by Mike Masnick
Fri, Jan 24th 2014 9:50am
by Mike Masnick
Mon, Jan 16th 2012 11:01am
from the how-are-those-corn-farmers,-rick? dept
Second, Cotton gets pretty angry about the "disinformation" around the bills, and insists that the bills "would not effect a single site in the United States." This is false. As we've explained repeatedly, while the targets of the legislation are sites with foreign domain names, the entire remedies section is about US sites -- meaning that they will have significant compliance costs, and potential liability under these laws. Furthermore, the anti-circumvention provisions of the bill are not limited to just foreign sites. Alexis pushed back on the anti-circumvention point, and Cotton claimed that Alexis was "simply wrong." But he's not. Cotton is "simply wrong" here again. Cotton claims that we should debate what's in the bill, and he should try reading the bill. In fact, Alexis has said that Cotton admitted after they were off the air that he was correct that the anti-circumvention provisions were not limited to just foreign sites. But that doesn't do any good for those who saw the segment but don't know the specifics.
Next, he claims it's totally wrong that a small amount of "legitimate activity would be threatened by this legislation." To be fair, Cotton and his buddies already got the power to take down tons of "legitimate activity" with the last copyright expansion bill they passed a few years ago, the ProIP bill. Either way, he's still wrong. Tons of legitimate content can and will be put at risk under these bills. We've already seen that companies -- including NBCUniversal -- have wrongly declared publicly that certain sites are "rogue" sites, despite the fact that they have tons of legitimate content. If you believe that Cotton and NBCUniversal will suddenly get better at finding sites that really only deal in infringement going forward, you haven't paid much attention over the last decade or so. Under existing law, we're already seeing legitimate websites taken down, and legitimate speech infringed upon. Hell, even the one prominent legal scholar who agrees with Cotton, Floyd Abrams, has admitted that protected speech would be censored under the bill.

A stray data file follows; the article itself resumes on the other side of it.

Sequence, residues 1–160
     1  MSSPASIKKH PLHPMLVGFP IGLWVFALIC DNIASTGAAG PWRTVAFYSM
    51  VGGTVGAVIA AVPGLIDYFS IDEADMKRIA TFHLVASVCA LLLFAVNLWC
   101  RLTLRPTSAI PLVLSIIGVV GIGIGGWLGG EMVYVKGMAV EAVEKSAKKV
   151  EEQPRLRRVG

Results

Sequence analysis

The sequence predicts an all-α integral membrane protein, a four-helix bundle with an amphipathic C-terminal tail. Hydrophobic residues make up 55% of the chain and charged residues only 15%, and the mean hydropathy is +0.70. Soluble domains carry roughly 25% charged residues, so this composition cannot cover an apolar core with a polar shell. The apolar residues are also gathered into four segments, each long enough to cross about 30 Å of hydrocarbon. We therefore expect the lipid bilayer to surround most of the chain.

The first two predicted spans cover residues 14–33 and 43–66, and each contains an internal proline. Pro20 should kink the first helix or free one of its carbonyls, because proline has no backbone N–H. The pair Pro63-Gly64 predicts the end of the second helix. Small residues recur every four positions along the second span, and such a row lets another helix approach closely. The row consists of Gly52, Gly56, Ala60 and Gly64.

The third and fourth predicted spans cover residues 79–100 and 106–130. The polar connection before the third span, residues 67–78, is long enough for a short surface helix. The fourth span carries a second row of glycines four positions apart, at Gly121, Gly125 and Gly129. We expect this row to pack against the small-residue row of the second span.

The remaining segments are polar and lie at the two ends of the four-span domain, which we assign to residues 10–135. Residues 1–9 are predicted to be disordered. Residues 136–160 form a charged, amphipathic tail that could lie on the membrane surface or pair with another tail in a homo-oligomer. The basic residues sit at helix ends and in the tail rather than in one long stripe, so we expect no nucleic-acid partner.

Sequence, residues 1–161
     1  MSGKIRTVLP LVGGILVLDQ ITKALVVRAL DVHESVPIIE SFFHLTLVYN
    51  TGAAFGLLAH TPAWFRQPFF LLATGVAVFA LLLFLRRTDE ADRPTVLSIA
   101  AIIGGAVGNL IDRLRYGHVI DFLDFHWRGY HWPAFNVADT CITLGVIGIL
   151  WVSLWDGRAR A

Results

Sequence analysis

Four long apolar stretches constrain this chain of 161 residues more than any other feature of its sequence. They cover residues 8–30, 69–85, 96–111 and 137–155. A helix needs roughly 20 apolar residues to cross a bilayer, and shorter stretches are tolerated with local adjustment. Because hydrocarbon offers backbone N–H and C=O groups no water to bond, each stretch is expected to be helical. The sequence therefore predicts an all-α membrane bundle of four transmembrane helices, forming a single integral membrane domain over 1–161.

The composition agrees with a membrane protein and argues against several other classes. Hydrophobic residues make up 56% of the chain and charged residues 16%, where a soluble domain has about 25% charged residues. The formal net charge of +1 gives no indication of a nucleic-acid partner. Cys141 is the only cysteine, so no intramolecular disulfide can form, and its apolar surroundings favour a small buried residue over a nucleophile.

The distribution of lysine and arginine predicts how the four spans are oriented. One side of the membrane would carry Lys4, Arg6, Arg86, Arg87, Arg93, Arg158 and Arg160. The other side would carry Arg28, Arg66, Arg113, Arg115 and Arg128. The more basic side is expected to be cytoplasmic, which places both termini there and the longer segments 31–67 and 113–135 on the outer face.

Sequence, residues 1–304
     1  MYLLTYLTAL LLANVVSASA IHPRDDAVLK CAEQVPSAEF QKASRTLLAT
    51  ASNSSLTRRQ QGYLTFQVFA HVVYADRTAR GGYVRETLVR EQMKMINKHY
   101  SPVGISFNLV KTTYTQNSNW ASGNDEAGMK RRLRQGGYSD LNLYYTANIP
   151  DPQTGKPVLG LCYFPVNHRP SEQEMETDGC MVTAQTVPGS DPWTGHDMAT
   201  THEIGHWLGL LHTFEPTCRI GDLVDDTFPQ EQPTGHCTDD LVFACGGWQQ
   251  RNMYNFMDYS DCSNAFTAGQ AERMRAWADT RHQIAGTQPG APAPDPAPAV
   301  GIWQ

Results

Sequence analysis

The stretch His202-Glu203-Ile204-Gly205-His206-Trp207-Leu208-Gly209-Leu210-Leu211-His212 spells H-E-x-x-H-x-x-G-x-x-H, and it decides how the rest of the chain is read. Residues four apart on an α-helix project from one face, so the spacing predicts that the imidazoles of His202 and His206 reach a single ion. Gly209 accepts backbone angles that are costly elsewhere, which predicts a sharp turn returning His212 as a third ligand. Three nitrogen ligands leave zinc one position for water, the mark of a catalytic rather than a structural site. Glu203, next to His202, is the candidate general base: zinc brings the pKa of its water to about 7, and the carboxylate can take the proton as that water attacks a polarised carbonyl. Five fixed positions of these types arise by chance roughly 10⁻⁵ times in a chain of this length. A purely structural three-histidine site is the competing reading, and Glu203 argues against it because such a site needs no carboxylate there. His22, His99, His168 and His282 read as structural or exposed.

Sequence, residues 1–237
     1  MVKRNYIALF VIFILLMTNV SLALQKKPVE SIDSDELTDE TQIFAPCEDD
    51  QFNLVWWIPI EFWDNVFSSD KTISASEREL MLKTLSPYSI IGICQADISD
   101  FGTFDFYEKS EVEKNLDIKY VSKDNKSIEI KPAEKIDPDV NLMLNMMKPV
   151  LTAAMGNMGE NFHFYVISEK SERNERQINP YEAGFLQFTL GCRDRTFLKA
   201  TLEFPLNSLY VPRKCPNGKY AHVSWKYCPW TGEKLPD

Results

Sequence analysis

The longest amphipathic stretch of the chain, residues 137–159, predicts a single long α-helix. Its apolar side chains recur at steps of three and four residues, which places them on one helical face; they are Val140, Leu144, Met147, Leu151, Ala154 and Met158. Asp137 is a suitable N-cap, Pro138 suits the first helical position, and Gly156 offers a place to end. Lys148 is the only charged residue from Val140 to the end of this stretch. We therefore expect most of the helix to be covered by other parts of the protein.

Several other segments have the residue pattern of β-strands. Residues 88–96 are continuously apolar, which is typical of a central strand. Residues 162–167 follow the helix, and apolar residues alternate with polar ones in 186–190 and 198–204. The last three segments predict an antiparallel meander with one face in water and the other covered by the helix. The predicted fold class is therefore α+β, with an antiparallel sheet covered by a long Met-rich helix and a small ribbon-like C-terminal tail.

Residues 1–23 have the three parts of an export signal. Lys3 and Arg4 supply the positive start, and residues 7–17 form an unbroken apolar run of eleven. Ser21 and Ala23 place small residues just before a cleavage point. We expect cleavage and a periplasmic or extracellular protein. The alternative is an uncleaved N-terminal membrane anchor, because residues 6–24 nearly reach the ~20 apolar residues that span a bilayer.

Next, Cotton claims that the internet is "lawless" and that this whole thing is really a policy debate about how we finally put laws on the internet. This is, to put it mildly, insane. As Alexis points out in response, there are tons of laws that apply to the internet, and directly apply and are used every day to deal with infringing activity. To pretend otherwise is ridiculous. In fact, as Alexis notes, the DMCA is regularly abused by copyright holders to go way beyond what the law is supposed to allow.
Towards the end, Cotton claims that when a court in the Netherlands ordered The Pirate Bay blocked in that country, traffic to the site dropped by 80%. That's a flat out lie. I mean, ridiculously false. First off, considering that the legal fight over that has continued for years, and the court only ordered ISPs in the Netherlands to actually block The Pirate Bay... five days ago -- and gave them 10 days to comply -- I'm curious as to how he knows how much impact such a court order has had (er... will have) on traffic to The Pirate Bay. Separately, in every other place that has ordered such a block, traffic to TPB has actually gone up, not down, because the court order to block tends to give the site more attention. Just to make sure, I asked someone in the Netherlands if TPB was blocked for them, and he sent me the following screenshot showing that it's totally accessible (though, they're warning about the new ruling!). Either way, Cotton was flat out, 100%, totally lying about these "stats" from the Netherlands. No such block has occurred.